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Monday, August 6, 2012

The James Boys and me.

From that very first hastily and impulsively-written Mabel piece a year and a half ago, the main purpose of this blog has been to uncover all the little known and well-hidden in the mysterious and murky world of '70s Teenpop, or at the very least to shed some much needed light upon it.
A genre obviously many are (still) interested in, but very few seem intent on seriously dealing with (even 40 years on it's perceived as kid's stuff; not really "serious" music... bubblegum.  Well, some things never change and music snobbery is one of them).  And since the feedback I've gotten has all been kind and appreciative, there most certainly seems to be a "need" for all this.  A method to my madness, if you will.
The idea came to me when I was trying to google all those wonderful acts I remembered from my youth....Buster, Kenny, Hello, Dead End Kids, Mabel...and usually came up with very little or nothing.  And there within lies the problem; all too many times I start out with only the old worn-out record lying in my lap as the only evidence this or that act ever existed.  The www. is all too often of no or little help.  This stuff has to be put up by someone in the first place in order for someone else to google it!  It just doesn't magically appear there out of thin air.
Occasionally ex-band members or someone associated with those acts is willing to help.  Admittedly, the www. is good for locating all sorts of people, but most of the time one's e-mails are never answered.  Understandably, perhaps.  Not everyone is interested in digging into the past.

And that brings me to the featured act this time around: The James Boys.  Not that I ever tried to locate them or anyone close to them, because there's absolutely nothing of any substance on line to point one in that direction.  And even for me, this is a bit left-field.  These guys were pre-teens of the Little Jimmy Osmond/Lena Zavaroni variety...child stars.

There have been at least two recording acts operating under The James Boys' monicker through the decades.  A U.S. Rock & Roll act in the '60s and our heroes in the '70s and the '80s.

Formed in 1972 in Chingford England, Bradley Grant (Born 22/12/60) and Stewart Glen Palmer (Born 6/03/62) were seemingly instantly signed to Penny Farthing Records and immediately rushed into the studio with producer, label owner and all-around music biz legend Larry Page (former manager/producer of The Troggs in the '60s, as well as having had a hand in managing the Kinks around the same time), to produce their first single "Hello, Hello" which was issued in 1973. 
Co-written - as was much of the boys' earliest output - by label mate Daniel "Beautiful Sunday" Boone, this song is catchy as hell and is in my opinion their finest hour.  A big hit in Germany, it failed to make an impact on the U.K. charts, but just have a look-see at the infectious performance on Germany's Disco TV-program in early 1974.  The little one (presumably Stewart Glen) is just sooo into it, it's near impossible not to be oddly moved by it...

The boys' second single, "Over and Over", was unleashed in '73 as well.  Their sole U.K. chart hit (#39 in May of that year), it is probably their best-known song.

Their Debut album "Introducing the James Boys" followed shortly thereafter. 
Along with aforementioned single sides, filler such as covers of other Penny Farthing acts' hits like Daniel Boone's "Beautiful Sunday" and Kincade's "Dreams Are Ten a Penny" were given another airing...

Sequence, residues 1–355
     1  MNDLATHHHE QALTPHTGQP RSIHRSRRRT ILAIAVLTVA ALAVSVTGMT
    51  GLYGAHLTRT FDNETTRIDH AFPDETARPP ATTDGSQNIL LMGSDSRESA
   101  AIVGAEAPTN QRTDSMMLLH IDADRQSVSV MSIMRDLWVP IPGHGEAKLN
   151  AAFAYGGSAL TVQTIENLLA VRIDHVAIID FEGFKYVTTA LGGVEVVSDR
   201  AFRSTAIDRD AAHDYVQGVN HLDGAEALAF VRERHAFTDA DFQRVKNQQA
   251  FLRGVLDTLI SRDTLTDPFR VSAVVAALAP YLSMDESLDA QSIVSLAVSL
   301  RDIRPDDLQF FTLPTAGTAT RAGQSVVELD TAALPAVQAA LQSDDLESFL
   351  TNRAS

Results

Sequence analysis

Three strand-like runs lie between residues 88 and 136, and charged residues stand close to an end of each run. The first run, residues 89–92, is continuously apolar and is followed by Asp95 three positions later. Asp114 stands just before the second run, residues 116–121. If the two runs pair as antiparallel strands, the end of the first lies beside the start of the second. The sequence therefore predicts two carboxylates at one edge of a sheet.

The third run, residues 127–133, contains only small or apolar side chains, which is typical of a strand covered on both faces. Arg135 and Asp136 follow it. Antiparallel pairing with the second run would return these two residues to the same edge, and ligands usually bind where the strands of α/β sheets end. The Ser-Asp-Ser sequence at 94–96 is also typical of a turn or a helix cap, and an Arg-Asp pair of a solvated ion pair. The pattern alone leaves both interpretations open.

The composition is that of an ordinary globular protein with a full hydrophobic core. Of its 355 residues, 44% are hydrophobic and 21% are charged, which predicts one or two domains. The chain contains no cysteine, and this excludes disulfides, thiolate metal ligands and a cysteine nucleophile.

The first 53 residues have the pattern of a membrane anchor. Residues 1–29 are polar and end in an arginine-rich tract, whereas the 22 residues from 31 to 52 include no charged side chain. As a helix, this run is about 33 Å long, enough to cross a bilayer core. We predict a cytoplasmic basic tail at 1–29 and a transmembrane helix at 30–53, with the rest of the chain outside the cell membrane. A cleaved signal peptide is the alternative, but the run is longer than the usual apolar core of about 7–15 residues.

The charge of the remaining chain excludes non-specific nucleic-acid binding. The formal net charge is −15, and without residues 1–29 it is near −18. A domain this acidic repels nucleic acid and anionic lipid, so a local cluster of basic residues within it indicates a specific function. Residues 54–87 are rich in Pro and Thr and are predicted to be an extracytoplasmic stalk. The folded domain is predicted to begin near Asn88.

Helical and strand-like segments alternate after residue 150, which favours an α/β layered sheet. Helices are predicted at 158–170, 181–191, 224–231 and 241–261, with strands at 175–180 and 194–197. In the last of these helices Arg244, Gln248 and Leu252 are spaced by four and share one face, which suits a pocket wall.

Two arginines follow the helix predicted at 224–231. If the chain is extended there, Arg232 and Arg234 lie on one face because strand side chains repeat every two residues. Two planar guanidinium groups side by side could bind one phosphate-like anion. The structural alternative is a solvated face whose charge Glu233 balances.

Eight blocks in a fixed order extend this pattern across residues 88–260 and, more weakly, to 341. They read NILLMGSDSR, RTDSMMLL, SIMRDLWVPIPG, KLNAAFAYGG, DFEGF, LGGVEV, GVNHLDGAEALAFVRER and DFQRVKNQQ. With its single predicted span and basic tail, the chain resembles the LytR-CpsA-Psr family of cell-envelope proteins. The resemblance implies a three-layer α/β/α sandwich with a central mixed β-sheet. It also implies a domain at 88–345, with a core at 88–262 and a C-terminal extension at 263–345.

The next James Boys single, "Keep Moving", appeared in 1974.  The formula was somewhat tiring, yet German success was guaranteed when a German-language version was recorded, as had been the case with "Hello, Hello" a year earlier.

A second long-player, "Here Come the James Boys", came out in 1975 and some further singles such as a cover of the Everly Brothers' "Wake Up Little Suzie".  But by then the bubble had well and truly burst, it seems, although the boys managed to move onto somewhat greener pastures and by the late '70s were signed as songwriters to ATV music where they were supplying songs to the likes of the Nolan Sisters.  And as late as the mid-'80s the James Boys were still performing as a duo on the U.K. cabaret circuit, sporting residing hairlines and white tuxedos.

However, after that the trail goes completely cold...  

Update, 26 March 2018: Recorded as James Brothers in 1980, produced, separately, by both Barry Blue and Miki Antony. 


  1. Just watched them on TV "The Good Old Days"

  2. Ha ha. Mint. Thought I was well up on the 70s. Can't remember these at all. Which may be just as well.

  3. I grew up through the 70s yet I have absolutely no recollection of the James Boys. Only looked them up because I saw them a few months ago on a Good Old Days re-run and thought they were a 'good turn'. The little one could've been Lena Zaveroni's twin brother! Bless him, he really put everything into his 'Hello Hello' performance!

  4. I know what happened to them after that - they became New Age composers! Checkout STAB productions - STewart And Bradley James productions. They've done Raindance, which I have in front of me right now, and the Voices of Relaxation series, which I've also got somewheres in my collection! All the albums got extensive advertising on TV and sold very well indeed, reaching the album charts of many countries including the UK. So they ended up far bigger recording artists than they were when they were kids! I wonder why they bothered with their old songs when their new stuff's so much better?


  5. I remember them!!So pleased to find this...long have I searched !not necessarily a huge fan,(however I WAS big in to Ricky Wilde) but I was if that age;I remembered their being called Bradley and Stewart,and "over and over"...but that's all..Hurray! The James boys!